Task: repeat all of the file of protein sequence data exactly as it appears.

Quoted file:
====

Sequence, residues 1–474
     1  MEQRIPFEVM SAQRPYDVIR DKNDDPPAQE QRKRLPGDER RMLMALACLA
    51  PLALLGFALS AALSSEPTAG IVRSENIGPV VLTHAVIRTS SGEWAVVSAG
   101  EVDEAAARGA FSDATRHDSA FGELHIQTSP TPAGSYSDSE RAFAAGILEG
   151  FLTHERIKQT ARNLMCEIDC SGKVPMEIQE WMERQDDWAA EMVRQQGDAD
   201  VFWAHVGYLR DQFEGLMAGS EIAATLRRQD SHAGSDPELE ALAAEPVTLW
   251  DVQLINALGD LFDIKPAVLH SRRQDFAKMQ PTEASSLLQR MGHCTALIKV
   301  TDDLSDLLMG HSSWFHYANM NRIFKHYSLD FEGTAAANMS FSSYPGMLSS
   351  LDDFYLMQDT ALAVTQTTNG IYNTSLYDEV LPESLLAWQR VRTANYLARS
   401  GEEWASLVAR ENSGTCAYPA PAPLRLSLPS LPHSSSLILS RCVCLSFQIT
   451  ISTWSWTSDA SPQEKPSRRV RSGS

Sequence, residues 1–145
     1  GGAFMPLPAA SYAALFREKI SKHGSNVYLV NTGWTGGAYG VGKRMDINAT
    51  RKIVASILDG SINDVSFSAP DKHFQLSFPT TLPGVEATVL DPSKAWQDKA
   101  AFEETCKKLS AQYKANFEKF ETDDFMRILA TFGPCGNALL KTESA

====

Sequence, residues 1–474
     1  MEQRIPFEVM SAQRPYDVIR DKNDDPPAQE QRKRLPGDER RMLMALACLA
    51  PLALLGFALS AALSSEPTAG IVRSENIGPV VLTHAVIRTS SGEWAVVSAG
   101  EVDEAAARGA FSDATRHDSA FGELHIQTSP TPAGSYSDSE RAFAAGILEG
   151  FLTHERIKQT ARNLMCEIDC SGKVPMEIQE WMERQDDWAA EMVRQQGDAD
   201  VFWAHVGYLR DQFEGLMAGS EIAATLRRQD SHAGSDPELE ALAAEPVTLW
   251  DVQLINALGD LFDIKPAVLH SRRQDFAKMQ PTEASSLLQR MGHCTALIKV
   301  TDDLSDLLMG HSSWFHYANM NRIFKHYSLD FEGTAAANMS FSSYPGMLSS
   351  LDDFYLMQDT ALAVTQTTNG IYNTSLYDEV LPESLLAWQR VRTANYLARS
   401  GEEWASLVAR ENSGTCAYPA PAPLRLSLPS LPHSSSLILS RCVCLSFQIT
   451  ISTWSWTSDA SPQEKPSRRV RSGS

Sequence, residues 1–145
     1  GGAFMPLPAA SYAALFREKI SKHGSNVYLV NTGWTGGAYG VGKRMDINAT
    51  RKIVASILDG SINDVSFSAP DKHFQLSFPT TLPGVEATVL DPSKAWQDKA
   101  AFEETCKKLS AQYKANFEKF ETDDFMRILA TFGPCGNALL KTESA